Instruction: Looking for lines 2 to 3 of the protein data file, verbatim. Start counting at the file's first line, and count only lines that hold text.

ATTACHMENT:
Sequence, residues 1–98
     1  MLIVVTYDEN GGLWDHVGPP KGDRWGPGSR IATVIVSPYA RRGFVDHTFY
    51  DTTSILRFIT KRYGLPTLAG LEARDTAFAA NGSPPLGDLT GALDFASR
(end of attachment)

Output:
     1  MLIVVTYDEN GGLWDHVGPP KGDRWGPGSR IATVIVSPYA RRGFVDHTFY
    51  DTTSILRFIT KRYGLPTLAG LEARDTAFAA NGSPPLGDLT GALDFASR